Expectations that the Legislature would take significant steps to address the climate change crisis this year have been high. Over the last 12 months Vermonters have joined people all over the world in climate demonstrations demanding that governments do something about climate change. After a month of testimony from businesses, utilities, farmers, conservationists, local and state government officials, scientists, and citizens, including youth activists, the House Energy & Technology Committee voted 7 to 2 to recommend passage of H.688, the Global Warming Solutions Act (GWSA). This bill, if passed, will create a foundation and a roadmap for the actions that will reduce Vermont’s greenhouse gas (GHG) emissions.
The GWSA would elevate Vermont’s current “goals” for GHG emissions to required reductions with deadlines for action. The bill also requires action to enhance the climate resilience and preparedness of Vermont communities, including utilizing our natural and working lands to capture and store carbon. The goals have been in place since 2006 and currently do not require action to reduce emissions. Vermont’s GHG emissions are the highest per capita of any state in the Northeast, including New York. Our emissions are 13% higher than 1990 levels, while every other Northeastern state has seen a decline.
Massachusetts is in its second decade of reducing its greenhouse gas emissions through a Global Warming Solutions Act. Since enactment, Massachusetts has reduced its emissions by 25% while growing its economy by 25%. Reducing pollution, increasing efficiency, lowering costs, building resilience, and investing locally increases economic growth. H.688 aligns the resources of state government to focus on achieving these targets, including establishing a strategic plan to get the job done.
The bill sets specific greenhouse gas reduction requirements for Vermont: 26% below 2005 emissions levels by 2025 (in-line with the Paris Agreement), 40% below 1990 emissions levels by 2030 (in-line with Vt.’s 2016 Comprehensive Energy Plan), and 80% below 1990 emissions levels by 2050 along with recommendations to get to net-zero emissions that year.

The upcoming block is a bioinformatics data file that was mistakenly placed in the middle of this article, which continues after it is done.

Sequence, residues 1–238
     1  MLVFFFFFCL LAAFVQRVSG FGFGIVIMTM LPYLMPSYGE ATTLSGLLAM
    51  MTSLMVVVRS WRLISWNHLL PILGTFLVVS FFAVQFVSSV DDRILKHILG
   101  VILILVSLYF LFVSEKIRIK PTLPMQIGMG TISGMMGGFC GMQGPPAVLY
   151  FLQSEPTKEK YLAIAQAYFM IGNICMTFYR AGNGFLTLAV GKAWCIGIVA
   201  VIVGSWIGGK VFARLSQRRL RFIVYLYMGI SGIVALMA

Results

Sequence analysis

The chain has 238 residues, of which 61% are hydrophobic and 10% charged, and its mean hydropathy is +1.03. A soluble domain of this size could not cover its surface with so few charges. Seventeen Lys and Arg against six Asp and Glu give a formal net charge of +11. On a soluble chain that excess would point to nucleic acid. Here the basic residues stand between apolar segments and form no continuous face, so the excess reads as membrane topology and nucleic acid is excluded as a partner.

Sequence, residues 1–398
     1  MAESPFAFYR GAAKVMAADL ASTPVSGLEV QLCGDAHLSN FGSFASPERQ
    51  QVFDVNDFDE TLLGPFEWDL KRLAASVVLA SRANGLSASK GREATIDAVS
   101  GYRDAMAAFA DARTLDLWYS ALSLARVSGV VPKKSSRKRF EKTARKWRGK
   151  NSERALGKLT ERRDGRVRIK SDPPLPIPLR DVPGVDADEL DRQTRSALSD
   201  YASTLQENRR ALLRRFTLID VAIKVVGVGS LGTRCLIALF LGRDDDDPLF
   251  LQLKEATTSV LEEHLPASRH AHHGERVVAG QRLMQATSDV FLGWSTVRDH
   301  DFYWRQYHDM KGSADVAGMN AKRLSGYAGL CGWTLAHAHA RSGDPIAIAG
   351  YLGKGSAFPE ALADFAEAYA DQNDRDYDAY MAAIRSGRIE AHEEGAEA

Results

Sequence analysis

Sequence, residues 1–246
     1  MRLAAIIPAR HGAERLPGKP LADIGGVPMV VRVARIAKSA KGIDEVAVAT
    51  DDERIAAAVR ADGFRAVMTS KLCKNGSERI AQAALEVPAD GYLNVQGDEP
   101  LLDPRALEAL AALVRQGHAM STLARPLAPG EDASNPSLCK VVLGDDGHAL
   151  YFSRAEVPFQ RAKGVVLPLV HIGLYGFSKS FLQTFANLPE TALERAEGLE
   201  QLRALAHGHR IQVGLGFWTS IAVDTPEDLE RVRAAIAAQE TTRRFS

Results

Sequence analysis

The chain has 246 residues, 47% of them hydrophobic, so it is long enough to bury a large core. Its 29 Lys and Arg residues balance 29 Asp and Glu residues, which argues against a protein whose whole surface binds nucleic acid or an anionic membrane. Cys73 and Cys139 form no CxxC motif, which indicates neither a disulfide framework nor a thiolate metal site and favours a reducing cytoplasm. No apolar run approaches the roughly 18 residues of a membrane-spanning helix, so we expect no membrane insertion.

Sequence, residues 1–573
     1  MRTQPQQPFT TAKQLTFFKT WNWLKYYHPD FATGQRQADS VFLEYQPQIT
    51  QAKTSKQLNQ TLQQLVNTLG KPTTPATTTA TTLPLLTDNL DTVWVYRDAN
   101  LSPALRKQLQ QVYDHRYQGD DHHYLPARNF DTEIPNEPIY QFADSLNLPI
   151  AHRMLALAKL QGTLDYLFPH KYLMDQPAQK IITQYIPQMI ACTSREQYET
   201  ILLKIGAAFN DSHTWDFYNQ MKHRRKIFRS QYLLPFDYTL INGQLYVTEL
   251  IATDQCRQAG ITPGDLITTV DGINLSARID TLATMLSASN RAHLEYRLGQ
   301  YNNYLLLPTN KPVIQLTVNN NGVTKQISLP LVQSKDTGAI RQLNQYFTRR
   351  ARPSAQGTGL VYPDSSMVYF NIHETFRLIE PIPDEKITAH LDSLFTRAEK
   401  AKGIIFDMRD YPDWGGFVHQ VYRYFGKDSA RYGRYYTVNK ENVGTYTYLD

The bill also establishes a Climate Council led by state government agencies to develop and adopt a Climate Action Plan by 2021 with specific strategies to achieve these targets, as well as build climate resilience in Vermont communities. The work of the Council will be informed by required stakeholder and public input, with the Plan adhering to specific guidelines established in H.688. Guided by the Plan and the legislative intent in H.688, the Agency of Natural Resources must adopt regulations to reduce GHG emissions. Other agencies (i.e. VTrans, Agriculture, Commerce, etc.) may also adopt regulations. The bill does not mandate specific strategies but does ensure accountability with specific deadlines and the emissions reduction requirement. The Council is also required to make specific recommendations to the legislature regarding statutory changes and funding essential for success in meeting the emissions reductions and resiliency needs of the state.
Vermonters are already feeling the impacts of climate change in more severe and frequent extreme weather events. The bill requires putting in place adaptation measures that ensure that Vermont’s communities, infrastructure, and economy are better prepared and resilient and highlights the unique needs of rural areas and their vulnerable infrastructure, economies, and emergency preparedness. Delay in implementing climate solutions, whether strategies to reduce carbon emissions or enhance resiliency and preparedness, is costly. Climate solutions reduce risk and cost while increasing energy efficiency, supporting our natural and working lands, improving public health, and growing the economy.